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Trump Takes on ‘Military-Industrial Complex’ That Sends American Sons and Daughters Home in Coffins

Oct. 10, 2019 (EIRNS)—President Donald Trump yesterday threw the horror of war back in the faces of reporters and politicians attacking his decision to pull U.S. military support from the Kurdish militia in northern Syria, counterposing his commitment to end the endless wars as he had promised in his 2016 campaign, to the threat from the “military-industrial complex” which President Dwight Eisenhower, a retired general, had warned of on Jan. 17, 1961, three days before leaving office.

Given the current refusal of most so-called media to report what the President of the United States says in full, and the elementary humanity which underpins his strategic decision, we here provide the key, concluding section from the transcript of Donald Trump’s discussion with White House reporters yesterday afternoon after signing two Executive Orders on Transparency in Federal Guidance and Enforcement:

“Now, if we go on the theory that some of the folks in Washington go by—who all do very well with the military-industrial complex.... You know, the military-industrial complex. Take a look at Dwight Eisenhower; he had it figured right many years ago. It’s got tremendous power. They like fighting. They make a lot of money when they fight.

“But it was time to bring our soldiers back home.... I will tell you: The hardest thing I have to do, by far, much harder than the witch hunt, is signing letters to parents of soldiers that have been killed. And it’s not only that—in areas where there’s not a lot of upside, if there’s any upside at all, and in many cases, it’s only downside.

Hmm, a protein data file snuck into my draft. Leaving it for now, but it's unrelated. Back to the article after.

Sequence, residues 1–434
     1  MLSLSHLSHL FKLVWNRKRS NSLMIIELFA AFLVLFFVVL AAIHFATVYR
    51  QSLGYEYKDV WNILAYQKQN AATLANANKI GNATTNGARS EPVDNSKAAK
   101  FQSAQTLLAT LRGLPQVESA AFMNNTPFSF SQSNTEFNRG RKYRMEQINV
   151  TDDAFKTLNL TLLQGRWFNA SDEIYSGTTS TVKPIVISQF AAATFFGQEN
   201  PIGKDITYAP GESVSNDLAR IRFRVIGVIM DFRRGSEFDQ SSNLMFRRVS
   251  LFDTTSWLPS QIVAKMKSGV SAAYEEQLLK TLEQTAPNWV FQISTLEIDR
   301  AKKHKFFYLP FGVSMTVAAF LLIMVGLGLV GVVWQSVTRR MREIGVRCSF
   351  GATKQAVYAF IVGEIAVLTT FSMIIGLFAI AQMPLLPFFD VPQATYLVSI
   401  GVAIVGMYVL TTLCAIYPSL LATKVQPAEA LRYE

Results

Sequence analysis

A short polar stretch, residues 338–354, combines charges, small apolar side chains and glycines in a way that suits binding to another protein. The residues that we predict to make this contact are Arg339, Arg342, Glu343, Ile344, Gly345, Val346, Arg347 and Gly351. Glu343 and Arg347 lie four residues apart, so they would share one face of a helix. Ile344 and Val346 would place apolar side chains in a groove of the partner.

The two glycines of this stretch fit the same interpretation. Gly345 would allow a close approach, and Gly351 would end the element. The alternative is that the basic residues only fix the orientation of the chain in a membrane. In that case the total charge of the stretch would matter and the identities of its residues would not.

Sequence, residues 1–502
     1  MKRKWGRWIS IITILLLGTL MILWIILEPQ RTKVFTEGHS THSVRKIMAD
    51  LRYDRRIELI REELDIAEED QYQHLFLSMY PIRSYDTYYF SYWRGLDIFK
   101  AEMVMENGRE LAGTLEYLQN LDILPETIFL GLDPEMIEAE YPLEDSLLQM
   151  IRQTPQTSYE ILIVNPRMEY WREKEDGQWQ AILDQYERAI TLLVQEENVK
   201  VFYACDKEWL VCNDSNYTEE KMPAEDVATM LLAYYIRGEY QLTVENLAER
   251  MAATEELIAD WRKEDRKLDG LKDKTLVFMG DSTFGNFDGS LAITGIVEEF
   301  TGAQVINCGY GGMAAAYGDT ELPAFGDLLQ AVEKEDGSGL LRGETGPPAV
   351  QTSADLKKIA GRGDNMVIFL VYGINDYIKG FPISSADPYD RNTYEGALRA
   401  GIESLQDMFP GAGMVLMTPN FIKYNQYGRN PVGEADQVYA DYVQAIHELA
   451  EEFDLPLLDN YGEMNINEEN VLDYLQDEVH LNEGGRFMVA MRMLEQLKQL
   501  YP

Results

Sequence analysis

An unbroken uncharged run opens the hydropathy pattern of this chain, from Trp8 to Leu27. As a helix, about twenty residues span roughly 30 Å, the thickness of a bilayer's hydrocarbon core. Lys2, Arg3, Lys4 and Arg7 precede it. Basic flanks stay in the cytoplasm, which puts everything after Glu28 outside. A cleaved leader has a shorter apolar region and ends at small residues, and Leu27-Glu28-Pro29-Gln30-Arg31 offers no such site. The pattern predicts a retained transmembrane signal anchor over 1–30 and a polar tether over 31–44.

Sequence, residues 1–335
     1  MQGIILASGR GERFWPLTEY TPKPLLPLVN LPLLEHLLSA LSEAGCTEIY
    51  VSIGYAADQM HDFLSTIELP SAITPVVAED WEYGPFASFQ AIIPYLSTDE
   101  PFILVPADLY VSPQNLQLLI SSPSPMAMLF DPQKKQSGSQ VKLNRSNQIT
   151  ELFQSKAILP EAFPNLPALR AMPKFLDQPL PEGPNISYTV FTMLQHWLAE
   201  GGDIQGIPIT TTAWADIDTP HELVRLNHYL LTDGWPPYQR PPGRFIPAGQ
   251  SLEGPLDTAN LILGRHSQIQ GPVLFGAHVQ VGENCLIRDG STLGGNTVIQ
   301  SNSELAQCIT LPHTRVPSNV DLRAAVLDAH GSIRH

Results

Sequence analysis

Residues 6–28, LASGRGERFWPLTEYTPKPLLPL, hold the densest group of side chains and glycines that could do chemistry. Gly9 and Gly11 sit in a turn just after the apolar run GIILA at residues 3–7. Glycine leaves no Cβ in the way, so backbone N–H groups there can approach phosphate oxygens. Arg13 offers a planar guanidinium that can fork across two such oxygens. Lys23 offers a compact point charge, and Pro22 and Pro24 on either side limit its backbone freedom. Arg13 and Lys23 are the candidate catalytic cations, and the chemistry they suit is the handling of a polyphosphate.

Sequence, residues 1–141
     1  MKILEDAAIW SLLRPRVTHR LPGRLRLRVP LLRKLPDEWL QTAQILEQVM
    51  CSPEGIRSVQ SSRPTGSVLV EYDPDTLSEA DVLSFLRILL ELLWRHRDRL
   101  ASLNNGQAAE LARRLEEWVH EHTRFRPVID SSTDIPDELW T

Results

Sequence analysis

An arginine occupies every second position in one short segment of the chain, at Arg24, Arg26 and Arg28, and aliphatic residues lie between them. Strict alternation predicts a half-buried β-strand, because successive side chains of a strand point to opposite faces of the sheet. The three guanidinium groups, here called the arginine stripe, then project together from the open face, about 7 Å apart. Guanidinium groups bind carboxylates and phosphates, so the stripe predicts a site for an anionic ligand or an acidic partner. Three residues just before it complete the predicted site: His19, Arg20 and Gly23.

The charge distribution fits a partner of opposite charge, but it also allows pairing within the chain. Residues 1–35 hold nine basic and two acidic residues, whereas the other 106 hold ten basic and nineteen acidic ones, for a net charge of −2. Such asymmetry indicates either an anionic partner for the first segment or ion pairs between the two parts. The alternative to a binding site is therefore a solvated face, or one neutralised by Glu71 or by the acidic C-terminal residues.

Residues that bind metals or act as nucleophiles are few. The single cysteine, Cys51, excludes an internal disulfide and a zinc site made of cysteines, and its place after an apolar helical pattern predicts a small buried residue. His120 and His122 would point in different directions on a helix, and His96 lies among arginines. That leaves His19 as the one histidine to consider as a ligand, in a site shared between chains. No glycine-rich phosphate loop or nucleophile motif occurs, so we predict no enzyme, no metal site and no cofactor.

“And especially when that solider was killed in a Blue-on-Green attack. You know what that is, right? That’s where a solider being trained or whatever turns his gun on an American solider.... We have many of them in Afghanistan—in particular, in Afghanistan.

“The hardest thing I have to do is signing those letters. That’s the hardest thing I have to do. And each letter is different.... And sometimes I call the parents. Sometimes I see the parents. I go to Dover [Air Force Base], when I can, but it’s—it’s so devastating for the parents when they bring that boy or young woman out of the back of those big, powerful planes in a coffin, and the parents are there....

“I’ll get there early.... I said, ‘The parents seemed to be okay.’ [The military staff at Dover AFB reply:] ‘Well, actually, sir, they aren’t.... Sir, you never know until the back of that massive cargo plane opens up.’

“And they walk down holding a coffin with four or five great soldiers on each side of it, representing our various forces.... And I see people that were smiling, ‘Oh, Mr. President, thank you for being here.  Thank you for being here.’  And I think they’re doing great.  And then, twenty minutes later, we’ll be outside when that big plane pulls up and that door comes down, and they are walking the coffin with their boy inside this coffin with an American flag over the top.  And they’re walking that coffin down this ramp.  And I’ve seen people that I thought were really incredible the way they were … I didn’t even understand how they could take it so well—scream, like I’ve never seen anything before.  Sometimes they’ll run to the coffin. They’ll break through military barriers.  They’ll run to the coffin and jump on top of the coffin.  Crying mothers and wives. Crying desperately.

“And this is on these endless wars that just never stop. And there’s a time and there’s a place, but it’s time to stop.

“And just to finish, last Friday, I went to Walter Reed [Military Hospital].  And I gave out five Purple Hearts to incredible young men—in this case, all men.  And they took a beating. Beautiful people. They took a beating. One couldn’t be there because the beating was so great that he was at a totally different part of the world.  He lost a leg.  He lost an arm. Ryan. He had tremendous damage, beyond even what these young folks went through.

“But I’ll tell you what: For me, it’s very hard when I see that. It’s very hard. It’s easy to talk tough. You know, tough guys. All of these tough guys. ‘Let’s keep fighting. Let’s keep fighting.’ If they had to go to Walter Reed—.”

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